Valuable Knowledge Worth Preserving


From the turn of the 20th to the turn of the 21st centuries, humankind experienced the greatest leaps in technological advances in recorded history. From horse-drawn buggies to space travel, human intelligence and creativity took us from a plodding, linear existence to soaring, exponential possibilities. Books like Alvin Toffler’s Future Shock first chronicled this geometric explosion of knowledge to Peter Diamandis’ Bold and Abundance took us the rest of the way toward the melding of humans and machines to remake the humanity that brought us here.

No need to recount those books or to re-tread that ground here. Rather, recognize that the same human knowledge and creativity that got us here will get us there. So with the rapid acquisition of new knowledge – some estimates say knowledge now doubles every two years – it is important that we identify our journey and catalogue it individually and collectively.

We live in the greatest transfer of knowledge in all of human history.

The whole of human knowledge is a big bite for anybody, especially you and me operating in isolation. However, taken one person, one company, one organization at a time, we can preserve what we’ve done so we can replicate it. To many practitioners at the organizational level, that is a training function. But a full knowledge capture goes beyond the practical and immediate application of developing a training program for employees to continue best practices. Each organization has a history, a culture and knowledge that went before that may have lost its current relevance but not its importance. It is that broader vision of knowledge capture that this book addresses.

As we rapidly move toward artificial intelligence and computer-generated activities that simulate human functions, it behooves us more than ever to preserve the knowledge, skills and attitudes that makes us essentially human if for no other reason than to create an accurate history.

Having defined your vision and the mission, preserve corporate knowledge, assess your circumstance and judge the value of what you would labor and spend valuable resources to capture.

What valuable knowledge are you preserving?

Please comment below and tell us about your contribution to human wisdom.

Photo by Neven Krcmarek on Unsplash

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2 thoughts on “Valuable Knowledge Worth Preserving

  1. Across the electromagnetic spectrum and the consciousness within humans yet untapped, there are innumerable connections with the digital world. Our minds are inextricably connected in the thoughtmosphere that exists within the flow of data, light pulses that populate cyberspace. We haven’t even begun to explore just how those spontaneous and often synchronistic data packets show up on our screens begging for the proverbial ‘click.’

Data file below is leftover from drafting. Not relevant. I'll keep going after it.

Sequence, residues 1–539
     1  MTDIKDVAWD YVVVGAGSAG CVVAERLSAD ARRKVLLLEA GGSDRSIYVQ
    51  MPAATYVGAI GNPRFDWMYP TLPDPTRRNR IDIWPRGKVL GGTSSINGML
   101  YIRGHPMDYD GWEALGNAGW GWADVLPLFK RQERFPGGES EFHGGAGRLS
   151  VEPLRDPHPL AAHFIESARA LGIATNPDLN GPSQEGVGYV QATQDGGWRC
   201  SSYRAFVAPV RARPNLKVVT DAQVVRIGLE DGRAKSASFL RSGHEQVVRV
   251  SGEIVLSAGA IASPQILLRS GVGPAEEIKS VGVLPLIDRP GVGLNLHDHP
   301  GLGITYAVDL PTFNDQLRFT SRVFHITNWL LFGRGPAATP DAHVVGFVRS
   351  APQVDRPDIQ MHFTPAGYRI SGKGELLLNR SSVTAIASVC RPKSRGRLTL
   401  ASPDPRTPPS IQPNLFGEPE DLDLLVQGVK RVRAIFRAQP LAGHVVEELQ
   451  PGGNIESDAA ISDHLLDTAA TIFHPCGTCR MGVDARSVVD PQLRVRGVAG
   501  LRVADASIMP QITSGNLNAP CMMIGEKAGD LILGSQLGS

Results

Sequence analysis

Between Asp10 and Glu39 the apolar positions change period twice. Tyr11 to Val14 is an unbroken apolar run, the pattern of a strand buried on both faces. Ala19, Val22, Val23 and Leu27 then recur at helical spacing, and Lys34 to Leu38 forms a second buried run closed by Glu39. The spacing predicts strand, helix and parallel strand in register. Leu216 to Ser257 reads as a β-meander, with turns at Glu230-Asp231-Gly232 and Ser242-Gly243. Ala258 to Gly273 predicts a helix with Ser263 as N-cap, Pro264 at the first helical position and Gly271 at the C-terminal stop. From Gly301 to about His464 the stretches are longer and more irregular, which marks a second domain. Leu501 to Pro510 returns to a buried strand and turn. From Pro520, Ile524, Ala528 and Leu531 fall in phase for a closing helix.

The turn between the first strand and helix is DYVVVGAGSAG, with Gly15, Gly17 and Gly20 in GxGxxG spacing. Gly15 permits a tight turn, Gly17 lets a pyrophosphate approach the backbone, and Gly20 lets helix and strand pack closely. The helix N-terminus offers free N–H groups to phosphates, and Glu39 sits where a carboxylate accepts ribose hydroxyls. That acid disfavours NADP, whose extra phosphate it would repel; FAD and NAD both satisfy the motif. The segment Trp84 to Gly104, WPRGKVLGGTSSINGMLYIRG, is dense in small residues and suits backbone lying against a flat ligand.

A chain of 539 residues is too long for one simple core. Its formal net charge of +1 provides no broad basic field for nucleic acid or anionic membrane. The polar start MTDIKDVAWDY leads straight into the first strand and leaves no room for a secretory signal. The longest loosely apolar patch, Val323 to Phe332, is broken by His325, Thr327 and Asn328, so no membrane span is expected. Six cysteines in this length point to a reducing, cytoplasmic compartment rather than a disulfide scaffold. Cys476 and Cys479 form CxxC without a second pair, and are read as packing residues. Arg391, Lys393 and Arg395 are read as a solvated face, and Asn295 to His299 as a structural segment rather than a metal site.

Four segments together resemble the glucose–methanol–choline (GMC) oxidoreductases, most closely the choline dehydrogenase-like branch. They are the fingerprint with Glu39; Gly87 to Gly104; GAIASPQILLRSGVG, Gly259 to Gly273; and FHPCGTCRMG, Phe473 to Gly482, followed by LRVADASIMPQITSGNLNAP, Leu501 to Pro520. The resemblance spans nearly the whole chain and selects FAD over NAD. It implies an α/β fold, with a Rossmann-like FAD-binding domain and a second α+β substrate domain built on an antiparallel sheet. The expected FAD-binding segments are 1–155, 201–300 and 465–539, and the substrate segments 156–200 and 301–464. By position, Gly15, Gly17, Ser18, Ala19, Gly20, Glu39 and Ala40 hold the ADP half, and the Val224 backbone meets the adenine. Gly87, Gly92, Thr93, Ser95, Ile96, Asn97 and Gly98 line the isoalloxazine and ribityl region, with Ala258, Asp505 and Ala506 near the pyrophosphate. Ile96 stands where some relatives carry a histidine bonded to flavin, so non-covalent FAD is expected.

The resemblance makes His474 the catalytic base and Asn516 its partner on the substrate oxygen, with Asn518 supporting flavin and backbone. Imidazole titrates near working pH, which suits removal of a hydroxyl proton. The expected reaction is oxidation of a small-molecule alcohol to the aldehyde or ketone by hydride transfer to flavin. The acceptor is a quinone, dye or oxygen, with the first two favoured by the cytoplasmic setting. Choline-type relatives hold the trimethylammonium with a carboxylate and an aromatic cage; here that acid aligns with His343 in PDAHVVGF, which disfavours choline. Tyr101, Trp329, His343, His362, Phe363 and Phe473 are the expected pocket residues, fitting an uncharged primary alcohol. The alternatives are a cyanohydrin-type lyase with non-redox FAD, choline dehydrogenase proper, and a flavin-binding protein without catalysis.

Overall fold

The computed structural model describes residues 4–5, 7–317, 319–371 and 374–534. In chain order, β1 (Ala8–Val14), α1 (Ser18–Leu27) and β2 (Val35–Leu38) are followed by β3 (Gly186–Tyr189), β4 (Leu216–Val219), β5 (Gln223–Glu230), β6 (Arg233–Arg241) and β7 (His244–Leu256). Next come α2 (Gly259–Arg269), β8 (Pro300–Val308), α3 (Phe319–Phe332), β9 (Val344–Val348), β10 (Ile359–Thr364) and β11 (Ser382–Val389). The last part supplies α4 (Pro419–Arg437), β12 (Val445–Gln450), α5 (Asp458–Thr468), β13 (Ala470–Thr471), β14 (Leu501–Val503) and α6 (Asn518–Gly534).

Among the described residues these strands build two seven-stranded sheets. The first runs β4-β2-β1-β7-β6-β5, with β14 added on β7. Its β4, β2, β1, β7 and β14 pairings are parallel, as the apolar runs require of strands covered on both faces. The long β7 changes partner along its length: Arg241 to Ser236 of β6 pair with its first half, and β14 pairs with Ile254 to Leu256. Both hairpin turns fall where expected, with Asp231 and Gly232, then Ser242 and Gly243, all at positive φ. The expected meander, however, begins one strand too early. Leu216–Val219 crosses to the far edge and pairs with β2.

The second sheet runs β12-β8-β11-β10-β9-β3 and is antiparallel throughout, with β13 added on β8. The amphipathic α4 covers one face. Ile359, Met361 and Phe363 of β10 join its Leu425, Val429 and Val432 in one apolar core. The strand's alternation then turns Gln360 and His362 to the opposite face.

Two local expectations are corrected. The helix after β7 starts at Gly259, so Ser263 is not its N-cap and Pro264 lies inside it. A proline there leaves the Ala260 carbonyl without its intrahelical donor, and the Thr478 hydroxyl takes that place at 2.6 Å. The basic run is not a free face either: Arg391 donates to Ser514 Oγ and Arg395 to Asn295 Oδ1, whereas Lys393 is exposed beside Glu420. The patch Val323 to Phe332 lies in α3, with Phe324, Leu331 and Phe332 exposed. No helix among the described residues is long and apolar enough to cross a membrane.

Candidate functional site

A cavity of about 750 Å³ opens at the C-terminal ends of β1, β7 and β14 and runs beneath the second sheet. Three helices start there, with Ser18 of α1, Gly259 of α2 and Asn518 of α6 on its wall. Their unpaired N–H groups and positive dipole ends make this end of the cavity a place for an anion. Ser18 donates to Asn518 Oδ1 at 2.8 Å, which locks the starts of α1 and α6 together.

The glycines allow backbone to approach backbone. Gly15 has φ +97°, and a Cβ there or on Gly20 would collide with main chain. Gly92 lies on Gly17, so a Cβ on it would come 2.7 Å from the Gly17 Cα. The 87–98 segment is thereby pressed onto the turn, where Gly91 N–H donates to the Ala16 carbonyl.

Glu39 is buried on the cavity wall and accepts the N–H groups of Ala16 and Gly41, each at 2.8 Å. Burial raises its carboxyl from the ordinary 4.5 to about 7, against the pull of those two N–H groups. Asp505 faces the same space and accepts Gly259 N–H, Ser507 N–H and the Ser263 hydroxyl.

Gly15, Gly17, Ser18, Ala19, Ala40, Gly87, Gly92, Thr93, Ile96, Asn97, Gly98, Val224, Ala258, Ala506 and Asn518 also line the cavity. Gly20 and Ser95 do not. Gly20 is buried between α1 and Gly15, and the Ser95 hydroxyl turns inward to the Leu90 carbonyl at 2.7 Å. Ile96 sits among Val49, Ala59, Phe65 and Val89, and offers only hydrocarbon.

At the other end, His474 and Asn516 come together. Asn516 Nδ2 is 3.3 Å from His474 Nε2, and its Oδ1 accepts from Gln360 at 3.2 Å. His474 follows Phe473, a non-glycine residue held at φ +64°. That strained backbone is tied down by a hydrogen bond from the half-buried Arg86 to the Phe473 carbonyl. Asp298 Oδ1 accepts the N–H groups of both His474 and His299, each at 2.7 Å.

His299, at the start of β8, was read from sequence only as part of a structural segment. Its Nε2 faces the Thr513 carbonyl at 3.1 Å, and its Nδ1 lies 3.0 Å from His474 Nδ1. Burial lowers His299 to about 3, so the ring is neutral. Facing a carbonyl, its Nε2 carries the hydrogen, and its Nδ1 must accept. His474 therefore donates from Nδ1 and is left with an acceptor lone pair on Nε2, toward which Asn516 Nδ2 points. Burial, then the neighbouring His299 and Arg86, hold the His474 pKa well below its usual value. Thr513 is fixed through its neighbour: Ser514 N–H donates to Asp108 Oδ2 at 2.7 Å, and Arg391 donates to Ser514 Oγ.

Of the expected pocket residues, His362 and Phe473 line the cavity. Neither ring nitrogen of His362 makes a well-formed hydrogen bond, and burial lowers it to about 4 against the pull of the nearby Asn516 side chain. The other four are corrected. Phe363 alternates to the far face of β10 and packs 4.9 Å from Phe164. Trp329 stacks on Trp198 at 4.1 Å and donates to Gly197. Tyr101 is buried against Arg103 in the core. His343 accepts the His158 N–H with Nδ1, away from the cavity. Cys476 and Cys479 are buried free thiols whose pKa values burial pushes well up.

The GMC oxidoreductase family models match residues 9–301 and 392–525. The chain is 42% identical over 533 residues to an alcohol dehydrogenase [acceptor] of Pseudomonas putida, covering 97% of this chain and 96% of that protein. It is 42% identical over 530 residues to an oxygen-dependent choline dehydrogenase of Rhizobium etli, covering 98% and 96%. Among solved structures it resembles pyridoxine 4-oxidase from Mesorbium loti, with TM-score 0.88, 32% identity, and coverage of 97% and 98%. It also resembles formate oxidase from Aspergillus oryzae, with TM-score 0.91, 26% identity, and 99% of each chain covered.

Investigating the capacity we have for query and response, there are so many seeming magical relationships we have with the world of data delivery. Yet, there is a science driving the interaction, spooky action at a distance if you will, that manages the flow of our personal searches and delivers the answers (or at least options for consideration) without fail. We just don’t know when, yet as we become more aware of the interconnectedness, the operations of consciousness reveal and exquisite delivery system.

    Through articles and books I’ve written, websites I’ve created and conversations I have almost daily, I seek to share this concept of consciousness being much more than we have sought to explore to date. We’ve obsessed on the outer technology and crafting increasingly interactive delivery systems, resulting in the exponential growth of information availability. I wonder if the growth curve of awareness is parallel to the information curve.

    The effects of this growth in awareness in business, especially SMEs, might be a leading factor in developing more sustainable communities and even bettering our world with the missions & visions supporting learning how to get along and share the wealth our planet offers in both human and material resources. The trick is integrating our economic systems with this new millennial mindset. It is indeed a fascinating subject to me, and perhaps others.

    One of the more practical ways I introduced a cursory view was through the annual conference I coordinated for the Phoenix Chapter of ATD (then ASTD) when I was President Elect, themed “Challenge to Change: Removing Liabilities, Limitations and Excuses in the Workplace” which focused on empowerment and professional growth as well as ATD’s standards.

    Thanks for the opportunity to share.

    Lead with Vision,
    Zen Benefiel, MA, MBA

    • Hi Zen Ben,

      Good to see you here! As usual, you bring in the outer edges of where this goes, and it is fabulous! A lot to chew on here…and love the term “thoughtmosphere”. Just that one word deserves a book.